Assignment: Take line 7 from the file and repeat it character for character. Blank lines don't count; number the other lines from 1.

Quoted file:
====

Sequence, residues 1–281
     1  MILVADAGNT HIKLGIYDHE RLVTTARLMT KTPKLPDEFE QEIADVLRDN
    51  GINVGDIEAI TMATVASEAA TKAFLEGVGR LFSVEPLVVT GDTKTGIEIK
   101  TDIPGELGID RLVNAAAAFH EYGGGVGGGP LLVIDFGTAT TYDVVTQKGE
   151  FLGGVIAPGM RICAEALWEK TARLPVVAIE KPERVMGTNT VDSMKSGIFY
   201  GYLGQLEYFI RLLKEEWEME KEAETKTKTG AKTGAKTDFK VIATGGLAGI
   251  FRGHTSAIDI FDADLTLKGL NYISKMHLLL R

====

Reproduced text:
   251  FRGHTSAIDI FDADLTLKGL NYISKMHLLL R